When it comes to promoting apprenticeship programmes in schools, it can be easy to treat all staff the same. But careers advisers are a very different group to teachers—our research has given us specific insights into their knowledge and attitudes.
Careers advisers are a key part of the overall picture when it comes to promoting apprenticeship programmes within schools. In terms of their knowledge around apprenticeships, our research shows careers advisers have high levels of understanding.
Around 80%-90% of them were able to identity the qualifications that all four different levels of apprenticeship are equivalent to: higher than subject teachers or head teachers.
So we know this group is keenly aware of, and receptive to, information about apprenticeship programmes—and our research says they want to hear from employers, all year round. So they’re also receptive to information about your programmes. Nearly three quarters of careers advisers told us that it doesn’t matter when you contact them in term time to get in touch with offering your events and resources.
Careers advisers have the ear of the most influential group on school leavers’ career decisions: parents. Almost half of parents say they want to use, and already use, meetings with careers advisers to find information—as the most influential group on school leavers, employers should make the most of this indirect way of engaging with parents.
Engagement from employers is also a statutory obligation: it forms part of the Gatsby Benchmarks (Number 5: ‘Encounters with employers and employees’), which were recently endorsed by central government when they were included as a central part of the Education Strategy 2018.
The most popular method for giving careers advice remains one-to-one sessions, although the number of careers advisers holding careers events within schools or colleges has risen slightly. Careers magazines are losing favour as online methods continue to grow.
How to engage with careers advisers
Over 95% of careers advisers use careers websites to stay aware of all their students’ options, so if you want to connect with this key group definitely consider using careers sites to do so.
Receiving emails/newsletters from useful resources is also very popular, with 95% of careers advisers using this to stay aware of their students’ options. Recruiters advertising their programmes on websites that also offer a mail-out service would ensure a high number of careers advisers are exposed to the information.
However, there’s still room for face-to-face engagement: 88.4% of careers advisers stay up-to-date by attending events. The main factor to be aware of when it comes to engaging with careers advisers and their students face-to-face is that few schools have large budgets—in fact, most have very little to spend.
The average budget per pupil with regard to careers information, advice and guidance, according to our research, is just under £6. Therefore, external careers services offered to schools need to be done so at an absolute minimum charge or for free. A day visit to an employer's office will cost a school in transportation and other associated costs such as lunch. This means it’s worth considering arranging to visit schools rather than inviting pupils to workplace-engagement events.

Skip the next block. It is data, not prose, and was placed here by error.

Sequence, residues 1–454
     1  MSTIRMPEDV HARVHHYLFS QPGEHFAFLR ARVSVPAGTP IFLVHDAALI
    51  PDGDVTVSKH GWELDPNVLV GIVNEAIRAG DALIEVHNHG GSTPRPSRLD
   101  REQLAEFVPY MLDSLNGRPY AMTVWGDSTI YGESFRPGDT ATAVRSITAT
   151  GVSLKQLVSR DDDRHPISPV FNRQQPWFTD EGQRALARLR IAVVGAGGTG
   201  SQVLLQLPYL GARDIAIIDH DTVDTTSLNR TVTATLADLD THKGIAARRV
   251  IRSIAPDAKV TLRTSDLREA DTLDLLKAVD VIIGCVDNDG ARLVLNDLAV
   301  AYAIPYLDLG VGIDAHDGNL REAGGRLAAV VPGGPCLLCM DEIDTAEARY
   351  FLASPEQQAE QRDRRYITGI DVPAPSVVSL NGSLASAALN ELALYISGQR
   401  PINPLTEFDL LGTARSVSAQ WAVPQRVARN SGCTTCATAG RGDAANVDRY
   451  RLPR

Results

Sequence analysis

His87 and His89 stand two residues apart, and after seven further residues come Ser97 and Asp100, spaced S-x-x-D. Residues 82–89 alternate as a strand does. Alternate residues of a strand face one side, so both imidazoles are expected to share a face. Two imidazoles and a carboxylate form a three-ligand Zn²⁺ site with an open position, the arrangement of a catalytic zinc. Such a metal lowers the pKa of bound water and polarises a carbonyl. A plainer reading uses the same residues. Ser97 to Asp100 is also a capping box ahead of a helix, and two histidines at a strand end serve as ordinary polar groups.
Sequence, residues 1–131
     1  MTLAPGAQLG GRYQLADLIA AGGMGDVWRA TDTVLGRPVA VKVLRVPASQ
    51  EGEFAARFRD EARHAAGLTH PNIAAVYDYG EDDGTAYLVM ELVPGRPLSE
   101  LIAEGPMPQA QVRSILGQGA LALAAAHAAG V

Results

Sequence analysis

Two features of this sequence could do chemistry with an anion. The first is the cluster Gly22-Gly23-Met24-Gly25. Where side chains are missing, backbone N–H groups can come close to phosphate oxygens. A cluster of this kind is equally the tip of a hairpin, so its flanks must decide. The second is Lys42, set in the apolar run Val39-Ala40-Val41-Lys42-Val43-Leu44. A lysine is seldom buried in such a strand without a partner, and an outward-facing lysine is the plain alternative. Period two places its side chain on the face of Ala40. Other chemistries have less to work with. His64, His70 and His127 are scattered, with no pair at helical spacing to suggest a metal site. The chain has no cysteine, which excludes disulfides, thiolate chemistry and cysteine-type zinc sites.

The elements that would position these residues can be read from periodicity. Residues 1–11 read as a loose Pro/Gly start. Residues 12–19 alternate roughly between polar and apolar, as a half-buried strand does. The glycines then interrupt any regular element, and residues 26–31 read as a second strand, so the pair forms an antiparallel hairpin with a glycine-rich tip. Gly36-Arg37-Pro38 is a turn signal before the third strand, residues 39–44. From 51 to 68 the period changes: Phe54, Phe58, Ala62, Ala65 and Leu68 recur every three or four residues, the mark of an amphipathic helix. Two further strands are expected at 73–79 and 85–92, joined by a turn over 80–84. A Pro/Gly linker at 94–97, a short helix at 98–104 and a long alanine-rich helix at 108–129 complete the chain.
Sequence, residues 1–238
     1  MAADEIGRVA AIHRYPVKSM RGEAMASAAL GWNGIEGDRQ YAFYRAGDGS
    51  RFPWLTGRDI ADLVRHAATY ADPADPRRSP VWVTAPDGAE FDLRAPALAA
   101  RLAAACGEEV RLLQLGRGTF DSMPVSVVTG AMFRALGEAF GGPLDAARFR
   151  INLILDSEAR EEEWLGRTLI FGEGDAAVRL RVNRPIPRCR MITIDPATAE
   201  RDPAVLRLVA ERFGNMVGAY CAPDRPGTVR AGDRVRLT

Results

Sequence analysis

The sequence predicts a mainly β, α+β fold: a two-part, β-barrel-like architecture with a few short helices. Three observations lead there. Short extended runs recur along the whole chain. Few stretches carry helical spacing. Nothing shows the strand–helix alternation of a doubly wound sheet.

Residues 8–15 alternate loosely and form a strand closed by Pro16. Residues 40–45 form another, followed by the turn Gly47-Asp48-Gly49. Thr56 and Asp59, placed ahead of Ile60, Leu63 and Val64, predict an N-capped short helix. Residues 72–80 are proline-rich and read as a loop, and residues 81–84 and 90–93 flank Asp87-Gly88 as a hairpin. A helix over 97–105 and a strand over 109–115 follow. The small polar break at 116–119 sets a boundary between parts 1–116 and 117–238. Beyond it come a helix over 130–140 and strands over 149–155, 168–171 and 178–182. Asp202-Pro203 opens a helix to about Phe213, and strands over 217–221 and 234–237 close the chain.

Print media is still important to careers advisers too—more so than with school leavers themselves or their parents—so if employers with limited budgets are going to promote apprenticeship programmes this way, it’s worth focusing on materials directed at this specific group.
Targeting different year groups
We asked careers advisers to provide an overview of careers advice throughout each of the key stages. Use these results to identify the most effective methods of engaging with your target age group through their careers advisers.
Y8/Y9: General careers appointment/GCSE options appointment—future career plans, education preferences, skillset, current subjects (students will leave knowing what subject suites will be most appropriate for them, and knowledge of their future career).
Y10: Initial Needs Analysis appointment—previous experience, future career plans, education preferences, current subjects, skillset, general careers information.
Y10/Y11/Y12/Y13: CV writing appointment—CV writing skills, previous experience, future career plans (students will leave with a fully completed CV and potentially cover letter).
Y11/Y13: Post-16/post-18 progression appointments—future career plans, education preferences, predicted grades, importance of back-up plans (student will leave having a clear idea of a plan to pursue).
Y10/Y11/Y12/Y13: Job/apprenticeship application appointment—application writing skills, previous experience (students will apply for roles while with careers advisers, or competent careers advisers will prepare them so they can apply at home).
Y10/Y11/Y12/Y13: Mock interview appointment—previous experience, interview skills, future career plans (students will have a mock interviews with careers advisers).
So, for example, if an employer offering a Higher or Degree Apprenticeship wants to target young people who are also applying to university, they could offer information on their programmes to careers advisers preparing for post-18 progression appointments—their apprenticeship schemes can be a part of the conversation alongside university options.
For more detailed research on careers advisers, what they think about apprenticeship programmes and the methods employers should consider when reaching out to them, visit the AllAboutResearch research hub.
- Careers advisers want to hear from employers, all year round.
- Over 95% of careers advisers use careers websites to stay up-to-date on all their students’ options.
- 88.4% of careers advisers stay up-to-date by attending events.
- Almost half of parents use meetings with careers advisers to find information.
- Print products are important to careers advisers, for use in school.